15th session of the Universal Periodic Review Working Group
Geneva, 21 January to 1 February 2013
Statement by Norway
UPR of France
Thank you Mr. President,
Norway welcomes the presentation of the National Report by the delegation of France. We commend the achievements made since the last UPR, including as regards women’s rights and France’s work for LGBT rights both domestically and abroad.
However, we note with concern reports of what appears to be an increase in violence and discrimination against French Muslims and French citizens of North African descent. The lack of adequate statistics on this matter could make it more difficult to find corresponding solutions. While recognizing the historical reasons for avoiding distinguishing ethnic criteria relating to French citizens, we recommend that measures be taken to produce data adequate for combating discrimination and violence against minorities more efficiently.
Moreover, although the penal code of 2009 has improved prison conditions in France, we note that great challenges remain regarding the mental and physical health of many prisoners. We also note with concern the use of tasers (electroshock weapons), and of full body searches, when other measures would be equally efficient and more humane. We recommend that France consider ending the use of tasers and full body searches in prisons. Furthermore, regarding migrants and asylum seekers, we recommend France to limit the use of detention, especially when families with young children are concerned.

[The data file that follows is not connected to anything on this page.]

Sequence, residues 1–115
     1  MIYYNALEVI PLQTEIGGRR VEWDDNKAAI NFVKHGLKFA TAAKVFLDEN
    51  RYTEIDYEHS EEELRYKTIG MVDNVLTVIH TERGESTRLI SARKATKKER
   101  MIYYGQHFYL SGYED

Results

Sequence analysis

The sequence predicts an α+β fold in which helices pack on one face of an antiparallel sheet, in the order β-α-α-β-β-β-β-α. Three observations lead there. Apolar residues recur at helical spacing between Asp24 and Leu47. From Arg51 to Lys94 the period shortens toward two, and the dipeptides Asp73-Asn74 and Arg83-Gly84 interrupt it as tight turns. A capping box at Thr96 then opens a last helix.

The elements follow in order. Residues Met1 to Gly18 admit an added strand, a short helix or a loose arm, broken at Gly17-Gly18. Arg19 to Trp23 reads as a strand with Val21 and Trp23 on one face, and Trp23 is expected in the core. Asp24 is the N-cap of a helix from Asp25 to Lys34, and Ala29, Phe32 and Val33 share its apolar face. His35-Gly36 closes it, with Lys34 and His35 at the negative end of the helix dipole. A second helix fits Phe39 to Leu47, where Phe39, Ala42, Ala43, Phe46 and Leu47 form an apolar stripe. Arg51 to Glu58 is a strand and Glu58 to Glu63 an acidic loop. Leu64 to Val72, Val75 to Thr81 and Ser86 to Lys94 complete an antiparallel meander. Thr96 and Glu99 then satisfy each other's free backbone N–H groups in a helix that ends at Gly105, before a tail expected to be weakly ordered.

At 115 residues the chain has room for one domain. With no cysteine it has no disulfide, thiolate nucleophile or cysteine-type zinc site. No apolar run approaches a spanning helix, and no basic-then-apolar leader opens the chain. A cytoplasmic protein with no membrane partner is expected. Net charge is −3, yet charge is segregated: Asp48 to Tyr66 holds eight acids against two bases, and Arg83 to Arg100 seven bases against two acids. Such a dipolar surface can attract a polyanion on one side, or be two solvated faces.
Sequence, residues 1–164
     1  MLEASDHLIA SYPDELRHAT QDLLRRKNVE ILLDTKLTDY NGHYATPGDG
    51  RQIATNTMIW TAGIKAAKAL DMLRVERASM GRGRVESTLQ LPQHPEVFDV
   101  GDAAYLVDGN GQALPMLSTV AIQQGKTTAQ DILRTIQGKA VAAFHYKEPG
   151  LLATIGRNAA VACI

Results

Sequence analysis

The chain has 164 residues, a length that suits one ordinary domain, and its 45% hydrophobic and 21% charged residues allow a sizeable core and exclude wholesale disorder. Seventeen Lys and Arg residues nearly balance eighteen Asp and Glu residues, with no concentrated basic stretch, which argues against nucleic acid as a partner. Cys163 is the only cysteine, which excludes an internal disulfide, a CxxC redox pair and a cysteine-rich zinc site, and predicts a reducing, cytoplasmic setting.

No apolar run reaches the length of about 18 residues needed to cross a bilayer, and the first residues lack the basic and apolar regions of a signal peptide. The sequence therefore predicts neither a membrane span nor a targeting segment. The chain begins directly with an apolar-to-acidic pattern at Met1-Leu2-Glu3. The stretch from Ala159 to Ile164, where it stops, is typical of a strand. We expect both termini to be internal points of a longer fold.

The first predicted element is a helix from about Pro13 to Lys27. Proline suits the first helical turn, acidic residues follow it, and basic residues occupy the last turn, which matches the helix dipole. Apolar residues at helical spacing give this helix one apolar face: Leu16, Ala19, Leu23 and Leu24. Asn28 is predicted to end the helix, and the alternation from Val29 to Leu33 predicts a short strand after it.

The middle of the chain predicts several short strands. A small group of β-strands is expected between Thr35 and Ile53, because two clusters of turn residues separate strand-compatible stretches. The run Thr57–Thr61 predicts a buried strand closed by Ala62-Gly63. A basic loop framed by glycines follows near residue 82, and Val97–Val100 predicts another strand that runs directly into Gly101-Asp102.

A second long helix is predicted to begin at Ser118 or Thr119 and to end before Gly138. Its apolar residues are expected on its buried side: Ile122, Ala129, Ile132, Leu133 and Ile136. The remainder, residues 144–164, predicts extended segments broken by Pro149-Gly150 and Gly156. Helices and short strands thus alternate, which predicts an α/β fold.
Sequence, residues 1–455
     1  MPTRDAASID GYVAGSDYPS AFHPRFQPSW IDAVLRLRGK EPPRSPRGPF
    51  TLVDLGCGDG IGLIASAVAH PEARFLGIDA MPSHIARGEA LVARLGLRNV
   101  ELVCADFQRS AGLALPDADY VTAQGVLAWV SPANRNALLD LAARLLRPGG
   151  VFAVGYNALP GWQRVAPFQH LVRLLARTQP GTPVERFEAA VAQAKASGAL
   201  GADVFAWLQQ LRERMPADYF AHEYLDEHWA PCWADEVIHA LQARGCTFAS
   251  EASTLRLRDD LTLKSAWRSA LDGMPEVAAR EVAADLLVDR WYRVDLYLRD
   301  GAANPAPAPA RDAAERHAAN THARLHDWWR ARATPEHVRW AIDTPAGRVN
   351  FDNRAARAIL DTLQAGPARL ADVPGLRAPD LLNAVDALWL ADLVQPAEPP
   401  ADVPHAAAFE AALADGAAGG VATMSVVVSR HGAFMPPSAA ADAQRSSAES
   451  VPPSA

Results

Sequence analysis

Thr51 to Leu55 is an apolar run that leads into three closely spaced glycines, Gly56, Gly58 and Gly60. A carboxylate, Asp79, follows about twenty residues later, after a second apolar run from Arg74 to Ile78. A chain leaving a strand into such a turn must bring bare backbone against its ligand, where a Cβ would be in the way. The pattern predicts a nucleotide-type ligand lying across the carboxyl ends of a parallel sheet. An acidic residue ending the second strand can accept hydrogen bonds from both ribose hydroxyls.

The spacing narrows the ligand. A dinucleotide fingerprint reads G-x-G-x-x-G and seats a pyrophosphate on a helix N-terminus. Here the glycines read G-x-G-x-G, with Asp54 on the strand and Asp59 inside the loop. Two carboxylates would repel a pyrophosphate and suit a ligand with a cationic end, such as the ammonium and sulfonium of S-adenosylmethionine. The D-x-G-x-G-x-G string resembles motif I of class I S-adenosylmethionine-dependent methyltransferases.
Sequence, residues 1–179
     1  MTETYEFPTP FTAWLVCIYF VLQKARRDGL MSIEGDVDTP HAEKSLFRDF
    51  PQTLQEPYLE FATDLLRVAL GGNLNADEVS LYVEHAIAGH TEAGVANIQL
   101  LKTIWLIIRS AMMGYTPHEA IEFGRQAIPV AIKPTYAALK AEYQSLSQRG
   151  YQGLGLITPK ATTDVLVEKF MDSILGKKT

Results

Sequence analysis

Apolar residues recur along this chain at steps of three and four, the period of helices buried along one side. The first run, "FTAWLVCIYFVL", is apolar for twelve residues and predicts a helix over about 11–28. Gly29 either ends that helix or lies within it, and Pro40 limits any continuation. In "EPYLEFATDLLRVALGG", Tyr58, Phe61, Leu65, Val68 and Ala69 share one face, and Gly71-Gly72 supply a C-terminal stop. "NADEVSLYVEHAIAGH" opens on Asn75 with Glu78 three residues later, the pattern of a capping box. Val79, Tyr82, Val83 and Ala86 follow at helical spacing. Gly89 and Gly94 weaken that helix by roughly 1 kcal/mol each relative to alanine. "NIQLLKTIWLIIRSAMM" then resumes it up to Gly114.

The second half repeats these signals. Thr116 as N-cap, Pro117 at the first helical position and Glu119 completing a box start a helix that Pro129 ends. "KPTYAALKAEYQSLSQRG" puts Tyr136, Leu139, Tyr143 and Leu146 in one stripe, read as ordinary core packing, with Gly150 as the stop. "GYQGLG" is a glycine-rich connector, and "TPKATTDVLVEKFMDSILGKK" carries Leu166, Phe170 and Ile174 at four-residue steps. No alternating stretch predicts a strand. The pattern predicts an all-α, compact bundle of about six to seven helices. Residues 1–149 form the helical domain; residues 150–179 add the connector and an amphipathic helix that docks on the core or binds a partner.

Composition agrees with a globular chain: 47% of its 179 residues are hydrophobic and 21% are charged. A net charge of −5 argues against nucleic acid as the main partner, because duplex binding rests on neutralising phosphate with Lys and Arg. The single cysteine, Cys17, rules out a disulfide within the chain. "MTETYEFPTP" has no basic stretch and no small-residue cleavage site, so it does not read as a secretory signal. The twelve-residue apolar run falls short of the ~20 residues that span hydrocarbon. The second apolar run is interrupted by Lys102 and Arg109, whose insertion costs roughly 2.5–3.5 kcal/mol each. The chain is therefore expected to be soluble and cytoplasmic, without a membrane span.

Fifteenth session of the Universal Periodic Review Working Group
Advance questions from Norway:
UPR of France
- Norway commends French efforts to avoid incarcerating juvenile delinquents, and to find alternative ways for minors to serve their sentence. However, according to the CNCDH the correctional tribunals for minors are based on the adult model, thus de facto opposed to the ordinance of 1945 relative to minor delinquents. How will France ensure that minors are, in fact, treated as minors?
- The French Republic’s emphasis on the fundamental character of citizenship may lead to difficulties in establishing precise statistical data and thus hamper the search for adequate measures against discrimination and violence towards minorities. How does France propose to come around this problem and refine its statistical tools and methods, enabling more precise analysis?